One such loophole remains on the product labels of some antibiotics, Scott says. According to these product labels, animals cannot be slaughtered for a certain number of days after completing treatment, making sure that no antibiotic residues contaminate the meat. Yet the labels do not address the problem that antimicrobial-resistant bacteria may be present in elevated numbers beyond this withholding period.
“What are the obligations of farmers, ranchers, and veterinarians to voluntarily withhold those animals from market until resistance returns to normal, which it will after some additional period of time?” Scott says. “Those are things we are exploring at the moment.”
Appealing ethical frameworks have already been developed, he says. For example, livestock producers might try to keep resistant microbes from escaping the farm at levels higher than baseline. “Zero is not feasible because there is resistance to all antibiotics somewhere in the world. But baseline is a measurable metric,” Scott says. Let’s say that before treatment, 10 percent of bacteria are resistant to a certain antibiotic. After antibiotic treatment you would aim to restrict manure, food, and water runoff leaving the farm until the levels are once again no higher than 10 percent.
This approach would add costs due to monitoring levels of AMR bacteria, Scott says, but it provides a foundation for a comprehensive program of antibiotic stewardship.
Seeking solutions at every level
IIAD’s Parker has extensive experience working with national and international groups. She is using that experience to help build IIAD’s and A&M’s network of collaborations to better understand and control infectious diseases in animals, including AMR infections.
One global collaboration is the tripartite partnership between the World Health Organization, the World Organization for Animal Health (OIE), and the Food and Agriculture Organization of the United Nations (FAO). These agencies have created a global action plan that links human- and animal-related efforts in combating antimicrobial resistance. In addition, OIE is assisting countries by reviewing veterinary services laws and regulations that are helpful for this topic and identifying gaps. OIE is also developing a global database on the use of antimicrobials in animals. FAO is assisting countries in developing national action plans, Parker says, and IIAD is poised to help these global efforts. The United States already has such an action plan: The U.S. National Action Plan for Combating Antibiotic-Resistant Bacteria.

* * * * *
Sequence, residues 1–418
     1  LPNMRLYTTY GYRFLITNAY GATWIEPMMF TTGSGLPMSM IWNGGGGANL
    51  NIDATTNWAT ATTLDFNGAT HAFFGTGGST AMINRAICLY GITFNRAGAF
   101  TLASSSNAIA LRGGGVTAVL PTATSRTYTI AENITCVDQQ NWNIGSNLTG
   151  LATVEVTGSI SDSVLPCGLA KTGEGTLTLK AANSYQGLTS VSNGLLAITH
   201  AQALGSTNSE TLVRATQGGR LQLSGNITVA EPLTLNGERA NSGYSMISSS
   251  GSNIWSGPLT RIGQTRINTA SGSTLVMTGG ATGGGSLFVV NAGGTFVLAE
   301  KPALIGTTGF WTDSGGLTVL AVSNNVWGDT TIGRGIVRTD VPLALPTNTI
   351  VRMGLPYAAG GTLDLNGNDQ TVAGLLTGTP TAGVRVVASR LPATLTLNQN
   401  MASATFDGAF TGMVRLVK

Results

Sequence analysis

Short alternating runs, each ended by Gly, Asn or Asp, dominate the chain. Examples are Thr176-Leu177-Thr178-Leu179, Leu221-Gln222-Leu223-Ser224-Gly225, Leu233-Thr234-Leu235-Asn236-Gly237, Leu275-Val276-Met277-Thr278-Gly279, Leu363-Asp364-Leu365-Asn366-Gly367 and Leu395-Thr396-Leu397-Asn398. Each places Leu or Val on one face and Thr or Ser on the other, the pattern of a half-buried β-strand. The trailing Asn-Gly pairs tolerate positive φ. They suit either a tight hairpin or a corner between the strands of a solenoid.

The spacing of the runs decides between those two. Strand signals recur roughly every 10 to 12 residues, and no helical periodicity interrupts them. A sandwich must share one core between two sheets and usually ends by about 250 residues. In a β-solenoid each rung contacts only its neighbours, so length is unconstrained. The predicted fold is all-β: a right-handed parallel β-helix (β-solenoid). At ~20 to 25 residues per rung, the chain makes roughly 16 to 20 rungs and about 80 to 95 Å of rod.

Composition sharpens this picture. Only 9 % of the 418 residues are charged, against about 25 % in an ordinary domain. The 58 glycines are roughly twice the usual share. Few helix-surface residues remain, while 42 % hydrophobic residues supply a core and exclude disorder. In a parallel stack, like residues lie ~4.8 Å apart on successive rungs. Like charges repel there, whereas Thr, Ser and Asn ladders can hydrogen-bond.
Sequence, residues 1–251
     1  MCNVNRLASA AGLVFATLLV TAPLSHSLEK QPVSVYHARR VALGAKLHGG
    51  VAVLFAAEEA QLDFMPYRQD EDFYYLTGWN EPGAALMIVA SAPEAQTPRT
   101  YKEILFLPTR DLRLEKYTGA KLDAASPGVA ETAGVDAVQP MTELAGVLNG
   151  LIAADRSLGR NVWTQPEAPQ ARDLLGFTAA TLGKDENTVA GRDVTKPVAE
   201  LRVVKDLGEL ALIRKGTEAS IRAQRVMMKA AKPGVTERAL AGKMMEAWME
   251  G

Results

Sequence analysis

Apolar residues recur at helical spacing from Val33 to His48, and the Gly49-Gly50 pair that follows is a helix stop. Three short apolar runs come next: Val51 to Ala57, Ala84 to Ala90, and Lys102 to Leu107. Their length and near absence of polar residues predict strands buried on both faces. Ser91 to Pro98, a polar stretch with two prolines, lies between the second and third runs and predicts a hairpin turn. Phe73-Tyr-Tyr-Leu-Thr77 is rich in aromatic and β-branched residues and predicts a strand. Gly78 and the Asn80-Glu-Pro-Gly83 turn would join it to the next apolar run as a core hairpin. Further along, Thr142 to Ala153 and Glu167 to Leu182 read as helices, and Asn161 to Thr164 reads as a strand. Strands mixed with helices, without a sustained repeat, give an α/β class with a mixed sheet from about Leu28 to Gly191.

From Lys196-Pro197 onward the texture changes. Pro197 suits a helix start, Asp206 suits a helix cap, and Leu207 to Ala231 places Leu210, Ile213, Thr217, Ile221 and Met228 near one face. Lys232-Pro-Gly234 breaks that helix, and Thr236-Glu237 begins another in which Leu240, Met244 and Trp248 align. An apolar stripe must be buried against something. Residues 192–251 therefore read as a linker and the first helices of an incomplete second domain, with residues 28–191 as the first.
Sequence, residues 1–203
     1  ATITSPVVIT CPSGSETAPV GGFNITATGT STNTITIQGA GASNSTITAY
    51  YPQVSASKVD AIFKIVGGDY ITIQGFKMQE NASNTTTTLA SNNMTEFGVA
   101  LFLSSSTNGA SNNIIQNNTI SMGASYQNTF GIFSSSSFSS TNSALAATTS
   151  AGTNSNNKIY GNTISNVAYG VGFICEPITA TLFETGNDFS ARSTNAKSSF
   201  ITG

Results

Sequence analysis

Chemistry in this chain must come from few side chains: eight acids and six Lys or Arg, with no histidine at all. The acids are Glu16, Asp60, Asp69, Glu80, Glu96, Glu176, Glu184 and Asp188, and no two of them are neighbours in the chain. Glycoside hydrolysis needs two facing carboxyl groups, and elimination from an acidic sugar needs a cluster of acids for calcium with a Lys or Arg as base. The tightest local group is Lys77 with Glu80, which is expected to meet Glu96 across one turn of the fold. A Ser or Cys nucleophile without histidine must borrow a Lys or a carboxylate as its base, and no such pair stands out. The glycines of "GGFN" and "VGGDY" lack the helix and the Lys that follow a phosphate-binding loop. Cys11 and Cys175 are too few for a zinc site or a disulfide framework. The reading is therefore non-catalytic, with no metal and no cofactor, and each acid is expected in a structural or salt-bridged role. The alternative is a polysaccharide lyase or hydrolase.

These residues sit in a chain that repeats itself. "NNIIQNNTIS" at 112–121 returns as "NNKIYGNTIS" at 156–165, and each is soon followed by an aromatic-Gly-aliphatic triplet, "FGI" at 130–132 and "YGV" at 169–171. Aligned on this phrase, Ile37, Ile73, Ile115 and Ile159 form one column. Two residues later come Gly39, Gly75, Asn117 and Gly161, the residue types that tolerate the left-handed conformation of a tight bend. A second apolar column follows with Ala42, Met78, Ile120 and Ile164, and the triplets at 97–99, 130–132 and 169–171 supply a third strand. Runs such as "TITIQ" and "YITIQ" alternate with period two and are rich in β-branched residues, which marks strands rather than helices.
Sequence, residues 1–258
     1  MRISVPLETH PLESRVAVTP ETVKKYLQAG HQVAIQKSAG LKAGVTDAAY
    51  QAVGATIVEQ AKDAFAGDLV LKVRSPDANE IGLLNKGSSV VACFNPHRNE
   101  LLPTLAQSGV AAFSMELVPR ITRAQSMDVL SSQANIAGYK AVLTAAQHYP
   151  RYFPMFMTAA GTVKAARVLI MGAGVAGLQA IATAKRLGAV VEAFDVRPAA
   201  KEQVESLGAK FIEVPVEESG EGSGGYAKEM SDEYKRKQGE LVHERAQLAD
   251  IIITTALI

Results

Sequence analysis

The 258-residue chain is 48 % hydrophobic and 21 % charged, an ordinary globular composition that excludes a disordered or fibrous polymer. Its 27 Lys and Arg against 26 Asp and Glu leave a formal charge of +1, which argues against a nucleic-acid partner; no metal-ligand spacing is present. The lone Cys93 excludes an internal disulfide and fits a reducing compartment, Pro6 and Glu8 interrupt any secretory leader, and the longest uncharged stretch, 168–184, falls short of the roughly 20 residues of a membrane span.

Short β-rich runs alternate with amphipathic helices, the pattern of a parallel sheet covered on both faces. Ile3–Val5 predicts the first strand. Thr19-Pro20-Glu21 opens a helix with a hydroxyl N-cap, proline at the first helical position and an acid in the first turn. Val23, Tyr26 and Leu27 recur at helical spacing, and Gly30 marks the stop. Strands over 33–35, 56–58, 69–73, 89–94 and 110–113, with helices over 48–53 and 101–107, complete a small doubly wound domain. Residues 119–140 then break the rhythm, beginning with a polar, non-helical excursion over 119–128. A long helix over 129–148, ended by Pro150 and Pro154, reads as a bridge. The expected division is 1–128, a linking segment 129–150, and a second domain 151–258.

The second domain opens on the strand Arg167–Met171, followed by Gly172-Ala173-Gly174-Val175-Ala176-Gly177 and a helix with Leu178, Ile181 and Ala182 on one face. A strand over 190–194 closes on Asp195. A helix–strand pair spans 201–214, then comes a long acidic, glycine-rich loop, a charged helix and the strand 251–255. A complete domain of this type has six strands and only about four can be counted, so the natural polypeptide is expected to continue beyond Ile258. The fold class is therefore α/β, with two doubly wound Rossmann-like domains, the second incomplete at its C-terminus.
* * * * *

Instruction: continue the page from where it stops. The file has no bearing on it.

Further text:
IIAD has also been creating software tools such as AgConnect®, which enables producers, veterinary practitioners, diagnostic laboratories, wildlife biologists, and other data providers to contribute to an animal health and disease detection and control surveillance system. Mobile applications that feed data into AgConnect® have fields to help track judicious use of antibiotics.
At a local level, AgriLife and CVM scientists participate in AgriLife Extension programs that educate everyone from kids in 4-H to veterinarians and producers. They also work with state associations for beef cattle, dairy, swine, and poultry producers.
The world is certainly seeing an increase in antibiotic resistance, says CVM’s Scott. A person can no longer go to a hospital with a bacterial infection and know with certainty that an antibiotic is available to treat them. That is a massive shift from just a decade or two ago.
“We all have a role to play and we all have a responsibility for this,” he says. “What we can do in our corner of the world is to know that what we are doing is of the highest ethical standards and follows best principles and relies on the best science.”